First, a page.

Nine Daesh militants killed in southwest Pakistan raid

Pakistani security officials examine the site of a bomb blast in Quetta on May 13, 2019. Security forces acted after a sudden surge in militant assaults across Pakistan during the Muslim holy month of Ramadan, killing nine Daesh militants in Balochistan on Thursday. (AFP)
Updated 16 May 2019

Nine Daesh militants killed in southwest Pakistan raid

  • Security forces acted on intelligence reports of a Daesh hideout in the Mastung district
  • Several Islamist militant and separatist groups are fighting the country's central government in Balochistan

QUETTA: Pakistani security forces killed nine Daesh militants during an hours-long raid near Quetta in the restive southwest of the country that has been hit by repeated jihadist attacks this month, officials said on Thursday.
Four members of the security forces were wounded in the operation, which started early on Thursday morning in a mountainous area called Qabu Koh-e-Mehran in the Mastung district, 29 miles (47 km) from Quetta city.
“Nine bodies (of Daesh militants) have been brought to hospital from Mastung,” Waseem Baig, a spokesman for Civil Hospital Quetta, told Reuters.
Security forces acted after a sudden surge in militant assaults across Pakistan during the Muslim holy month of Ramadan. Five police were killed in the latest attack, on Monday night in Quetta, which was claimed by Daesh.
“We acted on intelligence reports of a Daesh hideout,” a senior official of the Counter Terrorism Department of Balochistan police told Reuters, requesting anonymity for security reasons.
“A sizable cache of arms and ammunition including rocket launchers, several suicide vests were also recovered during the raid.”
Various Islamist militant groups as well as separatists fighting the central government are active in mineral-rich Balochistan, with frequent attacks on gas and transport infrastructure and security posts.
On Saturday, the Balochistan Liberation Army, which seeks greater autonomy for Pakistan’s poorest province, claimed responsibility for an attack on a luxury hotel in the Indian Ocean port of Gwadar, one of the focal points of the $60 billion China Pakistan Economic Corridor.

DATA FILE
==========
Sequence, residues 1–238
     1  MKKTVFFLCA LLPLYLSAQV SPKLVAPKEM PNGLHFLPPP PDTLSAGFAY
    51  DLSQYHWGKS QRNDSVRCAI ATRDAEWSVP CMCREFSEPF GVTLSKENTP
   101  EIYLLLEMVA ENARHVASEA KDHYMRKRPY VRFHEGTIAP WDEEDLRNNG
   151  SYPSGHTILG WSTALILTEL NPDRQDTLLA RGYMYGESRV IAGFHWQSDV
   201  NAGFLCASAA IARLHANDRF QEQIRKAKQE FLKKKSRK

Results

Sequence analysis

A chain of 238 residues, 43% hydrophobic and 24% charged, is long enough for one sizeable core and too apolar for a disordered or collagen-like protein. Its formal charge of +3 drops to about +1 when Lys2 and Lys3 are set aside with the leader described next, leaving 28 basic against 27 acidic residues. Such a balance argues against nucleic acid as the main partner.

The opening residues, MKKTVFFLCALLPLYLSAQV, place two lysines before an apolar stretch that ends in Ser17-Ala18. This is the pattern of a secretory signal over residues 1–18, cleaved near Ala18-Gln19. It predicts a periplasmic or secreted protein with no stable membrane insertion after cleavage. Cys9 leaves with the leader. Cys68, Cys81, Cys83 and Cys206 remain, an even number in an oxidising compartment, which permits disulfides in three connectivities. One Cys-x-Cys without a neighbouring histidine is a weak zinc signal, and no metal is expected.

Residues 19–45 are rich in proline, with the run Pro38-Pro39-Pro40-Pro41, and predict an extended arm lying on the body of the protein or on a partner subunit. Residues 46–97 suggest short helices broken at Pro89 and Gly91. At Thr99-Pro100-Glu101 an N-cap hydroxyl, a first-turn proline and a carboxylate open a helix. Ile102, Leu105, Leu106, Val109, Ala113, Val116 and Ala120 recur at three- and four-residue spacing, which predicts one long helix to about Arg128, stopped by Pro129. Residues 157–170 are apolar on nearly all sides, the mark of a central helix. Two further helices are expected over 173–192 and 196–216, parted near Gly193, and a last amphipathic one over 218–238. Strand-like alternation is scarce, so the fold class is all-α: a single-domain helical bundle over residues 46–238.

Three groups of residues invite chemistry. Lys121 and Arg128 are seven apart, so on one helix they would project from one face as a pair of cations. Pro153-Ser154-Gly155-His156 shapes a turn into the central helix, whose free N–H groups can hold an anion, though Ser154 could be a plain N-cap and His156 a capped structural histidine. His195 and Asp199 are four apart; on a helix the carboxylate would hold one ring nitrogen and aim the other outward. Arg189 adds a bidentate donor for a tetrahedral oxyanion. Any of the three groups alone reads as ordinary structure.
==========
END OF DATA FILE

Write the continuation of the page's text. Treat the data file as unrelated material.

Minister rejects report suggesting soybean dust caused Karachi toxic gas deaths

Updated 20 February 2020

Minister rejects report suggesting soybean dust caused Karachi toxic gas deaths

  • 14 people have died since Sunday night, 350 have been hospitalized
  • Karachi University experts earlier identified soybean dust as possible cause of the deaths

KARACHI: Maritime Affairs Minister Ali Haider Zaidi on Wednesday rejected a university report that said soybean dust from a cargo ship was a likely cause of fatal poisoning that has claimed the lives of 14 people in Karachi since Sunday.
”How come the dust from the ship travels over a kilometer and only affects people in a specific area called Jungle Shah and does not affect anyone else?” the minister told Arab News. “I reject the report,” he said, adding that it was “questionable.”
“Why the dust from soybeans did not affect the crew of the ship and 400+ laborers who were busy offloading the cargo,” Zaidi argued and said forensic investigations were underway to determine the cause of the poisoning. “Will not speculate anything before we see all the reports. This is a scientific forensic investigation.”
Provincial authorities and Karachi University experts said on Tuesday said that soybean dust was the likely cause of the toxic gas that killed 14 and left over 350 people sick.
“Preliminary report has been submitted by experts at Khi (Karachi) Uni (university) which suggests that Kiamari incident happened due to over exposure of soybean dust which is known to have also caused similar incidents in other parts of the world,” Murtaza Wahab, spokesperson of the Sindh government tweeted late Tuesday.
The report by the International Center for Chemical and Biological Sciences (ICCBS) said the deaths were likely due to soybean dust exposure.
“The symptoms due to exposure to soybean dust (aeroallergens) may be considered as the possible cause,” the report said.
Earlier, a government source told Arab News that the incident occurred following the unloading of soybeans on Saturday evening at berth 12 of Karachi Port Trust (KPT) after MV Hercules arrived from the US. The unloading created dust which made its way toward Jackson area of Karachi’s Kiamari municipality.
According to sources, MV Hercules was fumigated on Jan. 8 at Cargill grain reserve Los Angeles, US with 56-degree aluminum phosphide.
Repeated exposure to the substance may damage the lungs, kidneys and liver, the sources said, adding that “it is likely that exposure to particles of aluminum phosphide may have created problems for individuals passing by at that time and such unfortunate incident.”